A Mother’s View: Value and Cost of Health Care

A Mother’s View: Value and Cost of Health Care

06.17.14 | By

Over the last three years, I have had two c-sections – one for the birth of my 3-year old daughter and the other for the birth of my six-month old twins.  Fortunately, I have good health insurance coverage through my employer and didn’t have to pay a lot out of pocket for these necessary procedures. The more than $20,000 price tag for the single procedure was almost fully covered and I was happy that I could focus all of my attention on my newborn babies rather than figure out how I’m going to pay my  bills.

For many insured patients who undergo expensive c-section procedures in the hospital they are probably in the same boat because a significant portion of these services are likely covered by most health plans.  The bad news is if problems arise from the surgery and patients need medications to help with recovery, they could end up with extremely high medical bills due to our existing outdated insurance model that covers a far higher percentage of the cost of hospital care than medicines patients need to get and stay healthy. 

To further highlight the inequities in insurance coverage: privately insured patients typically pay 4 to 7 percent out of pocket for inpatient hospital procedures but over 20 percent for medicines. 

I recently saw an interesting slide from the International Federation of Health Plans that showed the cost of c-sections in the U.S. vs. other countries in Europe.  In the slide, it highlights the fact that a c-section procedure in the U.S. typically costs over $15,000.  In a country like Spain it costs close to $3,000 and in the Netherlands over $5,000.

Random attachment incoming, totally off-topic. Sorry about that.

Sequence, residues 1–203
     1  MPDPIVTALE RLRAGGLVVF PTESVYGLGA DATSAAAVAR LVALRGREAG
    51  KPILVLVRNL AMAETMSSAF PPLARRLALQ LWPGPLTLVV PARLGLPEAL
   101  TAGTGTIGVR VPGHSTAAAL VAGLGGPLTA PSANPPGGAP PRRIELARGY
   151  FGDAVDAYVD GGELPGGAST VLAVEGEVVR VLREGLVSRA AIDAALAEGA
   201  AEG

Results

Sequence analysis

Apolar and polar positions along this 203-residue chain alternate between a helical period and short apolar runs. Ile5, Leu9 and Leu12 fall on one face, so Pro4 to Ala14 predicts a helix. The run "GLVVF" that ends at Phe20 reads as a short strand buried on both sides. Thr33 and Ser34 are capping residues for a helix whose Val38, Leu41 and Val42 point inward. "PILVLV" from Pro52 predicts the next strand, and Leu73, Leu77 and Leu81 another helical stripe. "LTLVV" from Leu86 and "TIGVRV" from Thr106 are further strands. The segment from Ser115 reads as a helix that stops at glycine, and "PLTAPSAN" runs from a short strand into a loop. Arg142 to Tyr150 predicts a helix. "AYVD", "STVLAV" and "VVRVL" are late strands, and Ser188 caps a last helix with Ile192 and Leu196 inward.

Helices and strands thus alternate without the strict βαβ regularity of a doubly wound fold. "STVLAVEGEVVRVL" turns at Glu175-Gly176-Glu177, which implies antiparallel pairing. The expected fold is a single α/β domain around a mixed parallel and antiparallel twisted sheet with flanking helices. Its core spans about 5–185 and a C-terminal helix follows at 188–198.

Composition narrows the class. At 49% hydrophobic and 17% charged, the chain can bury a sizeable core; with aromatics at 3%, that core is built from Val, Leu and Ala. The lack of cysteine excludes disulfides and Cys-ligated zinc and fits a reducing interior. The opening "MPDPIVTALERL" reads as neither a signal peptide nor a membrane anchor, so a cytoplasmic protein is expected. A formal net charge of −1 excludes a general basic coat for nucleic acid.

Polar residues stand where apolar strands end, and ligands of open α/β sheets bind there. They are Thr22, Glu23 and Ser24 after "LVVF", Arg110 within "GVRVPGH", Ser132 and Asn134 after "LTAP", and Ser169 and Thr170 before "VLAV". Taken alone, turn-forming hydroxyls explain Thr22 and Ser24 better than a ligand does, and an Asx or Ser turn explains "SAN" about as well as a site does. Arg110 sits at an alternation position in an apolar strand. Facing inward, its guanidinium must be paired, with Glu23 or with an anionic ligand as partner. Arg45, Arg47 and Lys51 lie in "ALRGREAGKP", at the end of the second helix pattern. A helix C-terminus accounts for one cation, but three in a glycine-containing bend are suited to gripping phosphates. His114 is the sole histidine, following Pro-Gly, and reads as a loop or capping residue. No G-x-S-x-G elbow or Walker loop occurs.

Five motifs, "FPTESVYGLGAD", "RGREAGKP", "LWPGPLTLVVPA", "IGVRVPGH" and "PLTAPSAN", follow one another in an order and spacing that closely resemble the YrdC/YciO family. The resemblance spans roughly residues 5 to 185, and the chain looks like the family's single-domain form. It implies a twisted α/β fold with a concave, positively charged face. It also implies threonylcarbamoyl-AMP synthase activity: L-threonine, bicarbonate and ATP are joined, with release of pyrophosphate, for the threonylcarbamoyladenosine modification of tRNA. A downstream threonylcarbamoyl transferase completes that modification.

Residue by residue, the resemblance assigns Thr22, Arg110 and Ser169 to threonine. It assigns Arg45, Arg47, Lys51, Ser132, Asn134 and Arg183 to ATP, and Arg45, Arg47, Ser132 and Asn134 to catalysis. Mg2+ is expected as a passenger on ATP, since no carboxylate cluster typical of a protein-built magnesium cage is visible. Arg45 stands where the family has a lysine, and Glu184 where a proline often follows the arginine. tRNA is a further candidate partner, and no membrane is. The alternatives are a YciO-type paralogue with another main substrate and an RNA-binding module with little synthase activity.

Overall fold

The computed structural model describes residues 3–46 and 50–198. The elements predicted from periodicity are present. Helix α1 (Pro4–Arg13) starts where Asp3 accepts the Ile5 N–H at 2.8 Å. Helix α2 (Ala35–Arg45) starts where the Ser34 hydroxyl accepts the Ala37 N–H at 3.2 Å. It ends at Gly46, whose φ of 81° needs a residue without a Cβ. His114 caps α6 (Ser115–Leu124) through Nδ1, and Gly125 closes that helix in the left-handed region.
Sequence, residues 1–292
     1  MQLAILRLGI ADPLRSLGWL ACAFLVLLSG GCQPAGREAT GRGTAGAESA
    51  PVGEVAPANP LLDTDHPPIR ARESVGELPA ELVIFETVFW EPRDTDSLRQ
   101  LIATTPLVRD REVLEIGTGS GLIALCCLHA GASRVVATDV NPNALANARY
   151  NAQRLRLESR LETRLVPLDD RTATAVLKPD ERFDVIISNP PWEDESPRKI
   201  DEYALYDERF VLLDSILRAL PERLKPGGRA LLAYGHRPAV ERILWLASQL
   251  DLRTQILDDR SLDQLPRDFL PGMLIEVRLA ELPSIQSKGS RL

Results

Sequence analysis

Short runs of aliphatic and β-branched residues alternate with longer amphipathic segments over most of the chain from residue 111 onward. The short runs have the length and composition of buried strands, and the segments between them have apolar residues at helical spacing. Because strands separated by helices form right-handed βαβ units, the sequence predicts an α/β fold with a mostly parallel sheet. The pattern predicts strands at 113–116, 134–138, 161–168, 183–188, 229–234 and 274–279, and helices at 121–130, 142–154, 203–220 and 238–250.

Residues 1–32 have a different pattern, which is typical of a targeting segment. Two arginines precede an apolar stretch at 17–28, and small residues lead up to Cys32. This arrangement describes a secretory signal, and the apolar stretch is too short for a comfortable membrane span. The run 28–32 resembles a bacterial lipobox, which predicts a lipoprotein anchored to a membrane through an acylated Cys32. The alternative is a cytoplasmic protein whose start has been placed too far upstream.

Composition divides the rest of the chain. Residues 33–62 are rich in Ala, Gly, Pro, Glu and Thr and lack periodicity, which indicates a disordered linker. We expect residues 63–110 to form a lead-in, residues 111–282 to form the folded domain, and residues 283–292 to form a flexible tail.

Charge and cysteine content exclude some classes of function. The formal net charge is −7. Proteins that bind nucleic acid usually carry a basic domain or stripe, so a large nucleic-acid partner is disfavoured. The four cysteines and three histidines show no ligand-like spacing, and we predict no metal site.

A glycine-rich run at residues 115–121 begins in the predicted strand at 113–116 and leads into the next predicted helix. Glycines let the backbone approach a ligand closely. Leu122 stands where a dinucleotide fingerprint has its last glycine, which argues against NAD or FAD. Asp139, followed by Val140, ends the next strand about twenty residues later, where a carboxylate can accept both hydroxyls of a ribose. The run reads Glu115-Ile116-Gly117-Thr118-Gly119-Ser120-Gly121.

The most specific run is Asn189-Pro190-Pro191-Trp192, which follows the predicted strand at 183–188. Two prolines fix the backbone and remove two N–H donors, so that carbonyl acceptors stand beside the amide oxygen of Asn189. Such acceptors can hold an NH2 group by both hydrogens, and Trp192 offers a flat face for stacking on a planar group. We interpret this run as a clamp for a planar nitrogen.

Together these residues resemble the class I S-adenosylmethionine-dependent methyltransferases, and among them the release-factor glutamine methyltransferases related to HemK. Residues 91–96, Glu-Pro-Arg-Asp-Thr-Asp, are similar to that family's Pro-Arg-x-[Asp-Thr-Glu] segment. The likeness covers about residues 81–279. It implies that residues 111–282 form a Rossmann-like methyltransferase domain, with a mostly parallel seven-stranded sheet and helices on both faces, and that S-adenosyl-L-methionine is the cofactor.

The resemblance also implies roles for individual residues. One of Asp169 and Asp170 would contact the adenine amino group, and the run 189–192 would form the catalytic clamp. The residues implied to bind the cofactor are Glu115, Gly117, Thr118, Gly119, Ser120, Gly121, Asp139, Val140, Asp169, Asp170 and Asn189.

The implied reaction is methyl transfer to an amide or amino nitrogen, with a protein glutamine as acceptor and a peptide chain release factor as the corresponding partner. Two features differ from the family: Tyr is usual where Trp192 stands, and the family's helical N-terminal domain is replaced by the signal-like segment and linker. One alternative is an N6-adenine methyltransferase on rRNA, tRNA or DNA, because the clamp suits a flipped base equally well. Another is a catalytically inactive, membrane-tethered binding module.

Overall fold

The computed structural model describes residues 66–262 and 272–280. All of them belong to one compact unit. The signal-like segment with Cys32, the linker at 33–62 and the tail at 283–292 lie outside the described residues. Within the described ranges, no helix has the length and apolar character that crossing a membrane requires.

Similarly, bypass surgery in the U.S. costs more than $75,000 and in Spain it costs around $16,000. 

We hear lately a lot about the cost of Hepatitis C medicines in the U.S. vs. Europe but what about the cost of liver transplant surgery that may be needed as a result of complications from Hep C, which can cost up to $500,000 in the U.S.? What does that cost in other European countries? 

In other words, health care across the board is more expensive in the U.S. than elsewhere around the world.  Simply focusing on the discrepancy in the cost of medicines is missing the larger picture.  And it ignores  the fact that many countries impose price controls that restrict patients’ access to medicines discourages future medical innovation.

It is unfortunate that medicines are so undervalued in the public debates around health care costs, which focus almost exclusively on medicines while largely ignoring the fact that these medicines are helping millions of patients SURVIVE.  HIV/AIDS, for example, is now a chronic disease and no longer a death sentence because of the medicines developed by biopharmaceutical research companies.  The same can be said for many cancers and other diseases. 

As a mother of three healthy daughters – thanks in many ways to successful c-section surgeries – I think we need to have serious conversations about what we as a society value in health care and what we want our future to look like.  For my daughter’s sake, I surely hope that we don’t stick with the 1960s insurance model that undervalues medicines or put into place policies that restrict patient access to life-enhancing treatments. 


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